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home : opinion : word of faith

5/4/2017 9:00:00 AM
WORD OF FAITH
Speaking in a clear voice
BY REV. ANTHONY LIGATO


FROM A READING FOR MAY 7, FOURTH SUNDAY OF EASTER
'Peter addressed them...."Let the entire house of Israel know with certainty that God has made him both Lord and Messiah, this Jesus whom you crucified....Repent and be baptized..."' -- Acts 2:14,36


(Editor's note: With this column, Rev. Anthony Ligato joins The Evangelist as a writer for the "Word of Faith" Scripture column. He is diocesan vicar for vocations and pastor of St. Jude the Apostle parish in Wynantskill.)

The fourth Sunday of Easter is affectionately known as Good Shepherd Sunday. We all are familiar with the image of Jesus carrying the lost sheep on His shoulders as He leads it home safely.

In this image of Jesus, the Good Shepherd, we are all given a loud and clear message that what Jesus Christ does for us, we are called to do for one another. Jesus the Good Shepherd serves us by seeking us out, and He leads us home safely to the kingdom. Jesus asks us to trust by listening to His voice and following where His voice leads.

The Scripture readings on this fourth Sunday of Easter send a loud and clear message to each of us by using Jesus' example of service and leadership and His ability to trust in the Father's will.

The loud and clear message from Jesus of service, leadership and trust was first spoken to the Pharisees in the Gospel of John (10:1-10): "Whoever enters through the gate is the shepherd of the sheep. The gatekeeper opens it for him, and the sheep hear his voice, and the shepherd calls his own sheep by name and leads them out."

Throw down gauntlet
The challenge to the Pharisees and to each of us is our willingness to be identified as members of the flock. The Pharisees were not recognizable as members of the flock; nor were they willing to be leaders. Where did that leave them? Members of the flock did not respond to them, because they did not speak in a loud and clear manner. Their words were confusing and had a legalistic tone -- hardly invoking a sense of service, leadership or trustworthiness.

Jesus said they were unfit leaders because they did not serve the flock entrusted to them. "All who came before me are thieves and robbers, but the sheep did not listen to them. I am the gate. Whoever enters through me will be saved, and will come in and go out and find pasture."

Those words of Jesus inspire us to trust in His service and leadership as Lord and savior.

The earthly successor to Jesus the Good Shepherd was handpicked by Jesus when He asked Peter, "Who do people say that I am?" Peter responded, "You are the Messiah, the Son of the living God" (Mt 16:18). Jesus said, "You are Peter, and on this rock I will build my Church."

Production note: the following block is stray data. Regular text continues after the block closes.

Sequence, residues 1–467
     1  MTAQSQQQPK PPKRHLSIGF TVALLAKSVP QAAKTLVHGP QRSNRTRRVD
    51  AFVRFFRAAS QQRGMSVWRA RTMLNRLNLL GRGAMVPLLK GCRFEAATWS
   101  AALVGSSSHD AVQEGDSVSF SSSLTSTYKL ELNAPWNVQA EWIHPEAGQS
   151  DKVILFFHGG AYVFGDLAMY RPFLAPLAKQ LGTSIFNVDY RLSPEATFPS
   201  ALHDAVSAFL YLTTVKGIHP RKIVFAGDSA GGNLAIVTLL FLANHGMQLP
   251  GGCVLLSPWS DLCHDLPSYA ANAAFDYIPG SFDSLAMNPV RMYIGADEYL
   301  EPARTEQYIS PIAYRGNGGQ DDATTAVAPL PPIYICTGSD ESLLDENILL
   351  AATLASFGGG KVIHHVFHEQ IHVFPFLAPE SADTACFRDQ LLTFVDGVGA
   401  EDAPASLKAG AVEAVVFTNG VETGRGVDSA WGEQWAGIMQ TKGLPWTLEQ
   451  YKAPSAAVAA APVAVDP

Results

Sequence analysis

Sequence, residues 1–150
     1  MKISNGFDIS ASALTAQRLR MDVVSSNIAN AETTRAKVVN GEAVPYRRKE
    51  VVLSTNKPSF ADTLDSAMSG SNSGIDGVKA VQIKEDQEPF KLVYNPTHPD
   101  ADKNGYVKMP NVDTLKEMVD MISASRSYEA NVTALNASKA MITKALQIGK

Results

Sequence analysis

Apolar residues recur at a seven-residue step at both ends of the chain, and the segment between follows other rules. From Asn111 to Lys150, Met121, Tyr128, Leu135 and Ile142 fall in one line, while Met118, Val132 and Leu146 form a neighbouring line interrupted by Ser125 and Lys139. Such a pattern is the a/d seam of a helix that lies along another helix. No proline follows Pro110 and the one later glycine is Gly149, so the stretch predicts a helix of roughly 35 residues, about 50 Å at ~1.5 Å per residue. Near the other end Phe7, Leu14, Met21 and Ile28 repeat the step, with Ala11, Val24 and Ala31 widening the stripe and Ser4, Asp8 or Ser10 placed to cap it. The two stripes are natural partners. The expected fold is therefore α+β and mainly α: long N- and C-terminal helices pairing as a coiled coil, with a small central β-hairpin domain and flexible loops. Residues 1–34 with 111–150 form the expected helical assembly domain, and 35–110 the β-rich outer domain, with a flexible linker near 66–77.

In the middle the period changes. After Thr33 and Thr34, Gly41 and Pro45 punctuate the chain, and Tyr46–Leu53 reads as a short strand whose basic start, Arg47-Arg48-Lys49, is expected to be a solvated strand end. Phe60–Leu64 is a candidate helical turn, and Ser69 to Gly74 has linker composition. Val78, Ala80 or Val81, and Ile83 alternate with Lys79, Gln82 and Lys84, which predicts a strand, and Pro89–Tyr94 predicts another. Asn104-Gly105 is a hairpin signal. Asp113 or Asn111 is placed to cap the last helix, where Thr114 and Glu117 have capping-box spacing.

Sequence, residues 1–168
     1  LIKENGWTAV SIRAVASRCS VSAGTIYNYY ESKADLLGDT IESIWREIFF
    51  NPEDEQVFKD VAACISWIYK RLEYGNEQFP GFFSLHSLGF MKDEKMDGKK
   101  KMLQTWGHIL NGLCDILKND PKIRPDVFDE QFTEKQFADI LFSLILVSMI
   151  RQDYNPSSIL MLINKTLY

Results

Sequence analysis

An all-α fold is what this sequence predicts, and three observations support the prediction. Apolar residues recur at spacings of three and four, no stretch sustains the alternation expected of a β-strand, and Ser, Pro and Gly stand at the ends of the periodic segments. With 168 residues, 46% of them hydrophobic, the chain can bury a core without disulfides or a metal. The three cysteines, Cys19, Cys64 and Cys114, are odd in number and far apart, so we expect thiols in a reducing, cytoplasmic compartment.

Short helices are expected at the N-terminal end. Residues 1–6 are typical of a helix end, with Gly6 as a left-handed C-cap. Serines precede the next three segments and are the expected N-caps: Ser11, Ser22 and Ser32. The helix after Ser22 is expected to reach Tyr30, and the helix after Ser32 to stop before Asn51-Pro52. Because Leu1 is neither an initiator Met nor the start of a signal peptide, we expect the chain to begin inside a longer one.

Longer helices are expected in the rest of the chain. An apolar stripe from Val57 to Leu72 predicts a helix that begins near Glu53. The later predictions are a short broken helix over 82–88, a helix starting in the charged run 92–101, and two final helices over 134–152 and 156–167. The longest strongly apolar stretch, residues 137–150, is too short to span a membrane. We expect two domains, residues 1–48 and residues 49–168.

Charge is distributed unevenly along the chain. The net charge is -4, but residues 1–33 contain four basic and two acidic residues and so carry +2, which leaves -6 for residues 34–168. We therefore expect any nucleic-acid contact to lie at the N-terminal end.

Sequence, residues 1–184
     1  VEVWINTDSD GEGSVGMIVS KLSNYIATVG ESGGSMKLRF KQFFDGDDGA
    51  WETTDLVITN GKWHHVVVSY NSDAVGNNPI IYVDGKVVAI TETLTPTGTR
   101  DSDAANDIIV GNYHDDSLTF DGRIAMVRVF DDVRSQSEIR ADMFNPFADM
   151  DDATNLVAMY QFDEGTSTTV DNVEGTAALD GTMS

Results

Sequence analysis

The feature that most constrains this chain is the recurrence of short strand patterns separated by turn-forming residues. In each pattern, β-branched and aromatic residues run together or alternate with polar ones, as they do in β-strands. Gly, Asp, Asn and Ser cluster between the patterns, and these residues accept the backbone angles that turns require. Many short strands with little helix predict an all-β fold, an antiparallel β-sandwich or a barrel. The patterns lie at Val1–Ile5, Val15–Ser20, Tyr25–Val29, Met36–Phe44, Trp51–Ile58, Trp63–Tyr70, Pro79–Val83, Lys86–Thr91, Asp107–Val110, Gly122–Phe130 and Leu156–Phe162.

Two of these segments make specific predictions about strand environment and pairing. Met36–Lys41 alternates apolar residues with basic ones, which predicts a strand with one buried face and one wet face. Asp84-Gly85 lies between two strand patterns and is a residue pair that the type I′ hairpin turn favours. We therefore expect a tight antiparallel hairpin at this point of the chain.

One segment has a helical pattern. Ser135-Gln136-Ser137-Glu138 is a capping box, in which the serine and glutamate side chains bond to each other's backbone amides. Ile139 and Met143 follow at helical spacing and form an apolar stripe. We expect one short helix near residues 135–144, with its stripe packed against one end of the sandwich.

We know, however, that Peter did not speak in a loud and clear voice all the time. Take, for example, the Passion of our Lord (Mt 26:69-75): Jesus was on trial before the Sanhedrin. Peter was in the courtyard. People asked if he was one of Jesus' disciples, and Peter denied Him three times. Peter was loud and clear in his response that he was unwilling to serve, lead or trust.

Peter's change
In the first reading from the Acts of the Apostles (2:14,36-41), Peter speaks loudly and clearly that he is ready to serve, lead and trust in the risen Lord: "Peter stood up with the 11, raised his voice and proclaimed: 'Let the whole house of Israel know certain that God has made both Lord and Christ, this Jesus.'"

Peter was willing to serve and lead because he was able to trust. He had to proclaim in a loud and clear voice to Jesus after the resurrection (Jn 21:15-19), when Jesus asked three times, "Do you love me?" Peter said, "Yes." Jesus said, "Feed my lambs....Tend my sheep....Feed my sheep" -- and to trust where Jesus would lead him. That implied Peter's own martyrdom on the cross.

This is a message is for all the baptized. In the second reading (1 Pt 2:20-25), the author speaks to the early Church that must survive in a culture and society that is at best hostile to the message of salvation: "You have been called, because Christ also suffered for you, leaving you an example that you should follow in His footsteps."

These words encourage us today as we face the same difficulties as the early Church: We are called to walk the way of the Good Shepherd, to serve, lead and trust. For this, we have been baptized; for this, we have been given a share in Jesus' threefold ministry as priest, prophet and king -- to bring holiness into the world and to become a witness to the living Word of God.

By exercising these two areas of ministry, we put into action Jesus' kingship, which calls us all to be servant leaders. Then we can speak in a loud and clear voice: "The Lord is my shepherd; there is nothing I shall want" (Ps.23).





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